The following post was co-authored by Nicholas W. Zeppos. A version originally appeared on

There is a short and unsurprising answer: mostly, it spends on staff.  Personnel expenses amount to more than three-quarters of House disbursements.


The portion that goes to personnel varies by the type of office:


“Other” devotes a significantly lower portion to personnel, because it includes most of the overhead (including facilities) needed to run a large organization. Interesting patterns of spending become clearer at the lower level of individual offices.


Committees spent roughly 94 percent of their money on personnel compensation. The remaining 6 percent of spending was distributed among the remaining categories in roughly equal shares, with other services spending representing a slightly higher share.

However, the Appropriations Committee deviates significantly from that pattern:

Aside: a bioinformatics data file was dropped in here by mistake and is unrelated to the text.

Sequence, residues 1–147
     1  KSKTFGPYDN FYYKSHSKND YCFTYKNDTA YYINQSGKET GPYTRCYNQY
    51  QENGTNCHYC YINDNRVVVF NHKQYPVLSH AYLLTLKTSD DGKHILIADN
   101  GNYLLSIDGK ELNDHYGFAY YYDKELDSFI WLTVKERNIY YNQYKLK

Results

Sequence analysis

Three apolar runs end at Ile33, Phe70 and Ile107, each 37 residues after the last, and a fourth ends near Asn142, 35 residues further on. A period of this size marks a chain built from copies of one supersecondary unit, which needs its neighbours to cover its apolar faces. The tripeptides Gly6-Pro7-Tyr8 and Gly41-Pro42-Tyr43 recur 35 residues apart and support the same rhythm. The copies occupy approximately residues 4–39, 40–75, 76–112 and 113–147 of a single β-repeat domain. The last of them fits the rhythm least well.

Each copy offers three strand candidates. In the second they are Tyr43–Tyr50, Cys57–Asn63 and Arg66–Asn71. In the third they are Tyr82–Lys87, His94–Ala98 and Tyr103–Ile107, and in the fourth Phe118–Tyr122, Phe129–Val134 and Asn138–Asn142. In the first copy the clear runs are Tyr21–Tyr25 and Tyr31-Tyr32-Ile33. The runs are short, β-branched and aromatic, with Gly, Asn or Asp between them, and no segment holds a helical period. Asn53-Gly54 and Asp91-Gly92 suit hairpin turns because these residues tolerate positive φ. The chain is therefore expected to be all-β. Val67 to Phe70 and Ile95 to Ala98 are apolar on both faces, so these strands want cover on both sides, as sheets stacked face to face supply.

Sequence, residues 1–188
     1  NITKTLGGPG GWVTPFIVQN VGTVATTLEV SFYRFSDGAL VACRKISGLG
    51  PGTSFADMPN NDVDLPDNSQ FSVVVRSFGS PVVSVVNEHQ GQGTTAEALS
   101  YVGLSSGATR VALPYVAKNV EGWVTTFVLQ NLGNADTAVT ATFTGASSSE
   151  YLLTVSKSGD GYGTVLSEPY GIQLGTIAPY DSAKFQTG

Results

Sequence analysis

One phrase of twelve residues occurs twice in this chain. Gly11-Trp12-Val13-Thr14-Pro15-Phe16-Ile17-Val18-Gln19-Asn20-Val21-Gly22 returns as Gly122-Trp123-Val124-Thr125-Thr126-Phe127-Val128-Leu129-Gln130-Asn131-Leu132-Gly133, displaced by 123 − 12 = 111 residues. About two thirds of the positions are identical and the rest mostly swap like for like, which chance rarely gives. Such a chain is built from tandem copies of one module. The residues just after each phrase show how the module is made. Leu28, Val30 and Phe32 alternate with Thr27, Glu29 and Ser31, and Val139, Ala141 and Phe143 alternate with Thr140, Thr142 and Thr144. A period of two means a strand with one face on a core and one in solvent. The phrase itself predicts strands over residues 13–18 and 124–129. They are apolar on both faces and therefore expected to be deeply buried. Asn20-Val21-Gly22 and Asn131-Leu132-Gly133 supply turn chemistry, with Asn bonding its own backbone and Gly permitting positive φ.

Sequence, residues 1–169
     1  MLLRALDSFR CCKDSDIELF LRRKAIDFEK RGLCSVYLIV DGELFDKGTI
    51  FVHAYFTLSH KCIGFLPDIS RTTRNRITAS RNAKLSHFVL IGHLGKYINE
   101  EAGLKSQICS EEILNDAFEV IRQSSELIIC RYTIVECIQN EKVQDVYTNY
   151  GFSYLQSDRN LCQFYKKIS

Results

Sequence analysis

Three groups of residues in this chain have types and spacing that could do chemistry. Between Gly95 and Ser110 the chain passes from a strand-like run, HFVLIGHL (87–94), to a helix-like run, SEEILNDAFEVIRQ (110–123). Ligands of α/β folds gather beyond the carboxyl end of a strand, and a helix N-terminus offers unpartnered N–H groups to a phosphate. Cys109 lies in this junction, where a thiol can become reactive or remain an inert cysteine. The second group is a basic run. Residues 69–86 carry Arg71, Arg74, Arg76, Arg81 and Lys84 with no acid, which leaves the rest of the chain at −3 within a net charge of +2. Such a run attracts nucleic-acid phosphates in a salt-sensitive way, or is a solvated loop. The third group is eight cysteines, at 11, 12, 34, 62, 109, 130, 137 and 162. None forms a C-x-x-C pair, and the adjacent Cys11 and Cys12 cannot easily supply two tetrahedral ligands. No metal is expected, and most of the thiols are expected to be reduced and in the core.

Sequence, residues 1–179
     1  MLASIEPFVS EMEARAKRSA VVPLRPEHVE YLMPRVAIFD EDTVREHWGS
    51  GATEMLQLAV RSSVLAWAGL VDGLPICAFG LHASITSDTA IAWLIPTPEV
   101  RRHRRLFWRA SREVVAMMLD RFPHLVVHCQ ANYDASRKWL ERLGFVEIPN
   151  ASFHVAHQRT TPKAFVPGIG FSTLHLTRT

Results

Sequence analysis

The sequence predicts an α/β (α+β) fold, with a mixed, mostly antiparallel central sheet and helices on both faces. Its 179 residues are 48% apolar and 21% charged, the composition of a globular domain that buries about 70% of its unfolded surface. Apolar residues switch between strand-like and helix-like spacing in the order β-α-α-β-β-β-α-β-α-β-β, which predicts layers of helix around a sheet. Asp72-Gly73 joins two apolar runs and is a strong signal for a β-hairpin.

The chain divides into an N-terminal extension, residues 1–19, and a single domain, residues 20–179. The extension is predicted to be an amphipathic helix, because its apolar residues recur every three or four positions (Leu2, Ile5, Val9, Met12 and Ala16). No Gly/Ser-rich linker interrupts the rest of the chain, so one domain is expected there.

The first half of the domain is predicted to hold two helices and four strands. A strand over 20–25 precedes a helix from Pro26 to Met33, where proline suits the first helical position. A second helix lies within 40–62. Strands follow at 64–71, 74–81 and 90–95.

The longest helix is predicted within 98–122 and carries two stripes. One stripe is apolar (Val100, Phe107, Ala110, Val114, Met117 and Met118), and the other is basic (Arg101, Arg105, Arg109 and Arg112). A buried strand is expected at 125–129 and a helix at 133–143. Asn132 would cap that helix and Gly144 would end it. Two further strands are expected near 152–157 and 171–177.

The Appropriations Committee, like the aggregate committee spending, devoted the vast majority of its money to personnel compensation—just over 92 percent. But it spent a disproportionate part of the remainder on “other services.” While this category is normally relatively low and varied, composed of miscellaneous technical expenses, Appropriations directs a nontrivial sum ($1 million, or 5 percent of the committee’s 2015 expenditures) toward “consultant contract services.”  (If anyone can educate us as to what exactly this work entails, we’d be grateful.)

While admittedly on the margins, it’s clear that individual office expenditure levels (in particular, among the committees) may vary according to particular office duties and, as such, provide a useful tool to probe congressional capacity and behavior.

For the next installment: do Democrats and Republicans differ in their spending patterns?

Guest blogger Philip A Wallach is a senior fellow in governance studies at the Brookings Institution. Guest blogger Nicholas W. Zeppos is a research assistant in governance studies at the Brookings Institution.